Article

Low nucleotide diversity in chimpanzees and bonobos.

Department of Ecology and Evolution, University of Chicago, 1101 E. 57th Street, Chicago, IL 60637, USA.
Genetics (Impact Factor: 4.87). 09/2003; 164(4):1511-8.
Source: PubMed

ABSTRACT Comparison of the levels of nucleotide diversity in humans and apes may provide much insight into the mechanisms of maintenance of DNA polymorphism and the demographic history of these organisms. In the past, abundant mitochondrial DNA (mtDNA) polymorphism data indicated that nucleotide diversity (pi) is more than threefold higher in chimpanzees than in humans. Furthermore, it has recently been claimed, on the basis of limited data, that this is also true for nuclear DNA. In this study we sequenced 50 noncoding, nonrepetitive DNA segments randomly chosen from the nuclear genome in 9 bonobos and 17 chimpanzees. Surprisingly, the pi value for bonobos is only 0.078%, even somewhat lower than that (0.088%) for humans for the same 50 segments. The pi values are 0.092, 0.130, and 0.082% for East, Central, and West African chimpanzees, respectively, and 0.132% for all chimpanzees. These values are similar to or at most only 1.5 times higher than that for humans. The much larger difference in mtDNA diversity than in nuclear DNA diversity between humans and chimpanzees is puzzling. We speculate that it is due mainly to a reduction in effective population size (N(e)) in the human lineage after the human-chimpanzee divergence, because a reduction in N(e) has a stronger effect on mtDNA diversity than on nuclear DNA diversity. Sequence data from this article have been deposited with the GenBank Data libraries under accession nos. AY 275957-AY 277244.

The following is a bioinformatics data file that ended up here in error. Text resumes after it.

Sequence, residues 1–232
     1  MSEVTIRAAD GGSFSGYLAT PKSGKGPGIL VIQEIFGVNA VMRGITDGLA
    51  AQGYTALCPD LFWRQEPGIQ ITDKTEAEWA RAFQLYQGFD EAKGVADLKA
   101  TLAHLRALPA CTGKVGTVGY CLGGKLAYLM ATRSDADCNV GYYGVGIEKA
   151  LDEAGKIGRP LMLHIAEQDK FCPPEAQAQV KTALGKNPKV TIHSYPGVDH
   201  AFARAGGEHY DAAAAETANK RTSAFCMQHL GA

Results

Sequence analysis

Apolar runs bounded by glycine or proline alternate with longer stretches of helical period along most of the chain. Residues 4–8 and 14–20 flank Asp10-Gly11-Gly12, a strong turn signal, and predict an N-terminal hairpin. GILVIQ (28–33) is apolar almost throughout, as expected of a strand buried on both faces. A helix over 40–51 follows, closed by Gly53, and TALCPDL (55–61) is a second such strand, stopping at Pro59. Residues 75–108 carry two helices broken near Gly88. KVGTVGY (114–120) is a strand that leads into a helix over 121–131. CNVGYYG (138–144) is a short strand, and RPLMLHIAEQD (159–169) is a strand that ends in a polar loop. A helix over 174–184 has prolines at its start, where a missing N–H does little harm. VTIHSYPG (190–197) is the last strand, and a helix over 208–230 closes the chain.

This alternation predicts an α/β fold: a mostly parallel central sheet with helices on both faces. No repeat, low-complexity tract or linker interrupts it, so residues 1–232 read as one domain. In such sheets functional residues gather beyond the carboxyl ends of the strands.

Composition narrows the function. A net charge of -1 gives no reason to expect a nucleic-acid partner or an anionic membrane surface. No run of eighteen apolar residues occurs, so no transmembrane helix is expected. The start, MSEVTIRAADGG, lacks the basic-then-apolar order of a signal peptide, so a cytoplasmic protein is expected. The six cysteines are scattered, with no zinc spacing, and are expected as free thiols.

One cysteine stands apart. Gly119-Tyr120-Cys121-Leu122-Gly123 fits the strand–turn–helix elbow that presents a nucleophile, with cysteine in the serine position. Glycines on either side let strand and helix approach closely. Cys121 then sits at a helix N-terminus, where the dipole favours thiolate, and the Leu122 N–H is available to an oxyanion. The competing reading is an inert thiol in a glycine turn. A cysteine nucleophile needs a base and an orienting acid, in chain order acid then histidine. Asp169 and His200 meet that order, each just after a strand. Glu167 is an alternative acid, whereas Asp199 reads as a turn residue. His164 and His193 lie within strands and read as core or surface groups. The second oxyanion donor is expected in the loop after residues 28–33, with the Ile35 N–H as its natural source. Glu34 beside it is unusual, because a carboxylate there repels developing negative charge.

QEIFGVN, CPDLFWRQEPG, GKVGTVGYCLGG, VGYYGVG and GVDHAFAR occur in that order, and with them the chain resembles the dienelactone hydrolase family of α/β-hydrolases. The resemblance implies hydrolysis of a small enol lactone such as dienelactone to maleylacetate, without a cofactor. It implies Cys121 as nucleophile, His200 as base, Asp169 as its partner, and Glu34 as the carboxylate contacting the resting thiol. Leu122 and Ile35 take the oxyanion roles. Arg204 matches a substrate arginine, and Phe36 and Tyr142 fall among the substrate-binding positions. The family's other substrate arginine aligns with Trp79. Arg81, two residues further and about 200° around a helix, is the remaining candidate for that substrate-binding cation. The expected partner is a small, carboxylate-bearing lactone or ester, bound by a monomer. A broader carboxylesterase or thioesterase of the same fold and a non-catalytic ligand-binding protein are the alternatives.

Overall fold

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    ABSTRACT: The ancestral Pan and Homo lineages diverged about 6 million years ago, and Pan troglodytes (chimpanzee) and Pan paniscus (bonobo) diverged approximately 1-2 million years ago. The isolation of chimpanzee groups by changes in forest distribution and river topography over time resulted in the evolution of three widely recognized subspecies of P. troglodytes: P.t. schweinfurthii, P.t. troglodytes, and P.t. verus. Previous analyses of chimpanzee mitochondrial DNA (mtDNA) sequences have shown that each subspecies can be identified by specific mtDNA lineages. Through mtDNA hypervariable region I (HVI) sequencing, the subspecies of 239 individuals were identified through comparison to sequences of chimpanzees of known subspecies. HVI sequence analyses were used to study inter-and intra-subspecies relationships and population histories. Chimpanzees as a whole had greater mtDNA diversity (p = 0.078) than bonobos (p = 0.039) and humans (p = 0.026). P.t. schweinfurthii had lower levels of mtDNA diversity (p = 0.025) than the other two subspecies (P.t. troglodytes p = 0.045 and P.t. verus p = 0.051). The tentative subspecies P.t. vellerosus has a level of mtDNA diversity (p = 0.036) that falls within the range of the other subspecies. Recent analyses have shown that chimpanzees have lower levels of Y chromosome compared to mtDNA diversity. P.t. verus has the highest levels of mtDNA nucleotide diversity but lowest levels of Y chromosome diversity (based on previous studies) than the other subspecies, which suggests that demographic histories differ between subspecies.
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